Adolescence as Bodily Invasion: A Review of ‘Alien Nine’

Alien Nine, story and art by Hitoshi Tomizawa. CPM Manga, 1999. 3 volumes. Rated Age 16+.

Alien Nine is that deceptive kind of manga I like, the kind that starts out looking cute and then grows darker and grimmer. Although its premise suggests a target audience of children and it has a simple and cutesy style, this actually appeared in a seinen magazine, that is, one for adult men. Originally running from 1998 to 1999 and filling three volumes, it in 2003 saw a one-volume sequel, Alien Nine: Emulators. There is also a four-episode OVA adaptation. The OVA only managed to cover half the story before it ran out of money, but is nonetheless a cult classic.

This is such a common trick that I'm surprised anyone is surprised anymore.
This is such a common trick that I’m surprised anyone is surprised anymore.

The story revolves around three twelve-year-old girls obliged to protect their elementary school from hordes of goofy little aliens by trapping those aliens and then maintaining them in a vast zoo (or prison) on the school grounds. After introducing this absurd premise, Alien Nine grows steadily more gruesome and violent as the aliens grow more dangerous, until it descends into angst and body horror. By depicting creature-catching as less than it’s cracked up to be, it may be considered a subversion or deconstruction—or whatever the kids are calling it these days—of Pokémon and similar brands.

This may or may not be a magical girl title depending on who you ask and where you draw the genre’s boundaries. Most classify it as science fiction horror. Regardless of where you stick it, it shares with the magical girl genre the quality of being an allegory about coming of age. But whereas a typical magical girl story waxes maudlin about the limitless potential of youth, Alien Nine is about the emotional unease that accompanies adolescence. Specifically, it treats of sex and the physical changes of puberty as objects of horror.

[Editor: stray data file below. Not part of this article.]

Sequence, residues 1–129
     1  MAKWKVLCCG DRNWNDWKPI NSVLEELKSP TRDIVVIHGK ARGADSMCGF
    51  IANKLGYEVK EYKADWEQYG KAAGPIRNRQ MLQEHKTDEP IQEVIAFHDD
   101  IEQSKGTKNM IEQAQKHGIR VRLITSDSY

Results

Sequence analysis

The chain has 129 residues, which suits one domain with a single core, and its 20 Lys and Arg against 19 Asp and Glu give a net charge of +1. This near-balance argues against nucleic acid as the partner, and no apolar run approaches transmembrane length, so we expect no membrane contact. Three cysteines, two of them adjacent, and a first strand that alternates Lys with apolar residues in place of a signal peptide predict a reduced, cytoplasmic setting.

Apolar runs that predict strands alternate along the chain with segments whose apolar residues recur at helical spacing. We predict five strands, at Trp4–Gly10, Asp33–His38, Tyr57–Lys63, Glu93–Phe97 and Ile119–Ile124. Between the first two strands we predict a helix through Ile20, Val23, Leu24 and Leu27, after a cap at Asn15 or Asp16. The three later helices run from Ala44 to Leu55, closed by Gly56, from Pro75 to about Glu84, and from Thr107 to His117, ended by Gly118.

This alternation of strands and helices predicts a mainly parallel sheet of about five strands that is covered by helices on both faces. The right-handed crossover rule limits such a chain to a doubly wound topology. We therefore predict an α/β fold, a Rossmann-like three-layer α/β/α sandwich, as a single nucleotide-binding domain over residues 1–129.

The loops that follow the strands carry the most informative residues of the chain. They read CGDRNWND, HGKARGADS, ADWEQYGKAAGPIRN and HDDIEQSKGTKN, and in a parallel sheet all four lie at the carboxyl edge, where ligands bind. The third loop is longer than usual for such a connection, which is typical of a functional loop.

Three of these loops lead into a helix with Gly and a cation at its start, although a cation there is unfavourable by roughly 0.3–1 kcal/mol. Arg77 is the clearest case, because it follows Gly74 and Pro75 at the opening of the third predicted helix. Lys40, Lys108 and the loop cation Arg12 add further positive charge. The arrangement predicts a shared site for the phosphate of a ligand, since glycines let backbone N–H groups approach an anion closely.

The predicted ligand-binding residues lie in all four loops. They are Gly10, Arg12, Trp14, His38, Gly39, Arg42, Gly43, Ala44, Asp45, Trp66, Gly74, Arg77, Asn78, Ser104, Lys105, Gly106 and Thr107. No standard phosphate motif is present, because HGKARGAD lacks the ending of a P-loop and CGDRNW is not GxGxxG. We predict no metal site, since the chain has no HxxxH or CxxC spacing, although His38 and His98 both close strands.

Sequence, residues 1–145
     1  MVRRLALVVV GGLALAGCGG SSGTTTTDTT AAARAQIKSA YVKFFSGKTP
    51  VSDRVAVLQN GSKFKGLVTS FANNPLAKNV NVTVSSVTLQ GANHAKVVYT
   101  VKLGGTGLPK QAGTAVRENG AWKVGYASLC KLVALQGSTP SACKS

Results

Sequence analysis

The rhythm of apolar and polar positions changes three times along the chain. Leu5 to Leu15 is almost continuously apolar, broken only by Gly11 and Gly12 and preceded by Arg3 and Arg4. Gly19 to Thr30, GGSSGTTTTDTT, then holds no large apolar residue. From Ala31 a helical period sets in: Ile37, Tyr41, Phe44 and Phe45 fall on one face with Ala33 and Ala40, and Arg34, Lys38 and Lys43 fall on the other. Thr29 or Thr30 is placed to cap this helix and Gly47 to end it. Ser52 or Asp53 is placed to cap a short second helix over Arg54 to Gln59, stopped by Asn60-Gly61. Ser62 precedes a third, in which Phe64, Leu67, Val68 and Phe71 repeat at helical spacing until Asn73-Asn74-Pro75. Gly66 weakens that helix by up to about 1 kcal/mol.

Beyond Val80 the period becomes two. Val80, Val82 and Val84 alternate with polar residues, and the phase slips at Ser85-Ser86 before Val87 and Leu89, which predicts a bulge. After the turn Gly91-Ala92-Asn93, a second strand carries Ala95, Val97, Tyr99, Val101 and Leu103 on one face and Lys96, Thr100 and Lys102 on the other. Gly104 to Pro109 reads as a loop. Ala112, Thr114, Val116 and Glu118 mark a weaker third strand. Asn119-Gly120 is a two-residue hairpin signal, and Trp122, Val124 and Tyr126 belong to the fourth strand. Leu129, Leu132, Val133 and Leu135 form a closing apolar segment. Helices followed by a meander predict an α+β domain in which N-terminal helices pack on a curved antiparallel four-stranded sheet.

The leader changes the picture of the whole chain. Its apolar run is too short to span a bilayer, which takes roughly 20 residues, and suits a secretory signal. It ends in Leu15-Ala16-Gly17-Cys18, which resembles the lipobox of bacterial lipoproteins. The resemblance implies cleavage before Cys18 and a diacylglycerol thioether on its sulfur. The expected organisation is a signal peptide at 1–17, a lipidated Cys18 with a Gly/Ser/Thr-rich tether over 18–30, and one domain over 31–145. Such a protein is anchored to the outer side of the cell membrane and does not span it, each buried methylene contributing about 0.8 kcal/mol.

And because it’s impossible to dig into the allegory without giving away much of the story, I’m simply going to give a spoiler warning up front.

The story takes place in the near future, fourteen years after the first aliens arrived on Earth. Alien invasion is now a commonplace and unremarkable occurrence. And because aliens always target elementary schools, every school has set up an “Alien Party,” a sort of obligatory after-school club tasked with trapping and imprisoning the invaders. At Elementary School Nine, the new Alien Party consists of sixth-graders Kumi, Kasumi, and Yuri. Kumi, a natural-born leader tired of always helping others, sees this as a good opportunity to get out being class president for the sixth year in a row. Kasumi, a ballerina and all-around clever girl, likes aliens and enjoys the challenge of capturing them. Yuri, a weepy and timid girl with no particular talents, hates aliens and finds them unbearably disgusting.

The aliens have come. And they've brought us goofy hats.
The aliens have come. And they’ve brought us goofy hats.

To do their alien-catching, the girls wear rollerblades, and each of them is also obliged to wear on her head a “Borg,” a symbiotic alien that looks like a cross between a winged frog and a bike helmet.

Resistance is futile.

The Borg is there to protect its host from other aliens by fighting for her or defending her with the drill-shaped tentacles it can extrude from its wings.

We'll be seeing a lot of these drills.
We’ll be seeing a lot of these drills.

In exchange, the Borg feeds off her perspiration … by licking her all over. So repulsed is Yuri by her Borg that, upon first wearing it, she immediately faints.

Dinnertime for Borgs.

And Yuri is not unjustified in her disgust. Tomizawa-sensei’s chimerical alien designs, based largely on amphibians, insects, and fungus, are sufficiently gross on the page and would probably be stomach-churning if lifted off of it. Throughout the comic, there are copious amounts of mucus as well as blood and guts.

Girls covered in alien glop: Alien Nine in a nutshell.
Girls covered in alien glop: Alien Nine in a nutshell.

Yuri is terribly bad at creature-catching, but with Kumi’s assistance, she gradually gets used to the job and even begins to think that aliens aren’t all that terrible. Then everything goes to heck right before summer vacation when three boys decide to wear aliens on their heads and attack her with more of those drill-shaped tentacles, which her Borg is barely able to fend off.